In a reasonable world, the JDK would contain a standard
java.crypto package as part
of the core API. Regrettably, U.S. export laws prohibit the export of
cryptographic software without special permission. The regulations that
implement these laws have been loosened recently, but the laws are still in
place. Therefore, Java's security classes are divided between the
The latter must be downloaded separately from the JDK as part of the
Cryptography Extension in order to comply with U.S. law.
Before you can download it, you have to fill out a form promising you're a resident of the
United States or Canada.
However, several third party implementations of the JCE
have been written outside the boundaries of
the United States and beyond the control of U.S. law,
including at least one open source package,
These implementations are available around the globe to
anybody who wants them. Sun and the U.S. government
have no control over or involvement in the
development of these packages. At least until now.
Starting with version 1.2.1 of the Java Cryptography API, Sun has taken a new approach to keeping their software within the boundaries of the United States. The JCE uses the proxy design pattern. The interface exposed to the public through the JCE is not the code that actually performs encryption. The encryption and decryption are performed by separate code in a service provider package. Different service providers can offer different algorithms or different implementations of the same algorithms. For instance, a National Security Agency (NSA) service provider could include a backdoor so that the NSA could read all communications that were encrypted with that service provider. Sun includes a default service provider with its implementation of the JCE that supports a few standard algorithms. Since all actual cryptography is performed inside the service providers, whoever controls the service providers controls users' access to cryptography. This, in brief, seems to be Sun's plan.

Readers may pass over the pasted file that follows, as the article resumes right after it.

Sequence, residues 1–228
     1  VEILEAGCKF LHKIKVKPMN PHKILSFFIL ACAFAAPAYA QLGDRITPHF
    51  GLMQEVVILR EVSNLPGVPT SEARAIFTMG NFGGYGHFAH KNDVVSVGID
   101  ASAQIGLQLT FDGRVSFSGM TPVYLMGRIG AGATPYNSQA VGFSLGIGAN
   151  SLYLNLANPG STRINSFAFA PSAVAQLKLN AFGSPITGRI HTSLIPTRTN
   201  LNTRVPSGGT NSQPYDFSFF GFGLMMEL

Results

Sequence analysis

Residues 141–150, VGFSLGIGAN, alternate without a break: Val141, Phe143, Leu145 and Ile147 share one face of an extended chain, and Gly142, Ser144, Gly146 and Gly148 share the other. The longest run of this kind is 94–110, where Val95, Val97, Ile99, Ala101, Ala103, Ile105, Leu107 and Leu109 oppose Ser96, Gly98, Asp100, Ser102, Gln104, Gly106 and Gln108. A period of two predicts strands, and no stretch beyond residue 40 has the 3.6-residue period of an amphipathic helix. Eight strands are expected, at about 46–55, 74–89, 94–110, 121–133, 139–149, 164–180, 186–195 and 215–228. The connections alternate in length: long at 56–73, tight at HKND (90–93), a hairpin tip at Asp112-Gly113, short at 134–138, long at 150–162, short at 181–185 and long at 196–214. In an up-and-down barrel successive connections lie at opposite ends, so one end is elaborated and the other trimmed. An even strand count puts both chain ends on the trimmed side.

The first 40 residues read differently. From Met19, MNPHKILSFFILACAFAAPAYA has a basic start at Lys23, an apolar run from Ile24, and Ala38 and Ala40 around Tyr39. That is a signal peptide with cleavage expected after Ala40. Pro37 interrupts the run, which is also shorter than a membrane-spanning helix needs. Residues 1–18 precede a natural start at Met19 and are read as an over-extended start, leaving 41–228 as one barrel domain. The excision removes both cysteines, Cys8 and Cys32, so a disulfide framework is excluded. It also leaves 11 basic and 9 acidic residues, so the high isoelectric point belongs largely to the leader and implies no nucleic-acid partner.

The JCE 1.2.1 will only use service providers that are digitally signed and verified by a trusted authority. Sun can now bundle the JCE with all distributions of the JDK. However, the default service provider will be limited to export-grade encryption. New service providers can be installed, but only if they're trusted. Sun hasn't announced who the trusted authority or authorities are, but clearly the ultimate authority is Sun. Anybody Sun doesn't trust can't write a service provider for the JDK. More specifically, anybody Sun doesn't like or anybody who can't afford to pay the fees Sun charges won't be able to write service providers for the JCE 1.2.1.
Sun has not yet announced how they will decide who is and is not deserving of their trust. One thing Larry Baron, Senior Product Manager for Java Security at Sun Microsystems, was able to tell me is that "For providers intended to be exported, the provider vendor will first need to go through the U.S. government's export application process. Once the provider vendor has export approval from the government, they can request a JCE code signing certificate which they can use to sign their provider." In other words, only developers who are willing to adhere to U.S. export law will be trusted. This not only applies to U.S. citizens, who are after all already subject to U.S. law, but also to citizens of other countries. A provider in Ireland will only be trusted if it agrees to the U.S. restrictions on encryption strength for products exported outside of the U.S. and Canada.
Baron did tell me that "JCE 1.2.1 providers could be open source projects." However, it's hard to see how the secrecy and export requirements of the technology can coexist with the fundamental openness of free software. I suspect that in practice real open source projects will be locked out of the process.
Who should decide which cryptography providers to trust? Are we really willing to trust Sun to say who is and is not allowed to provide us with cryptography? This is a real concern. The NSA has repeatedly subverted commercial cryptographic providers in many countries. For instance, for many years the U.S. was able to read essentially all encoded Iranian communications because Iran used encryption hardware supplied by Crypto AG. The NSA had talked the allegedly neutral and trustworthy Swiss company into putting a backdoor into their code machines.1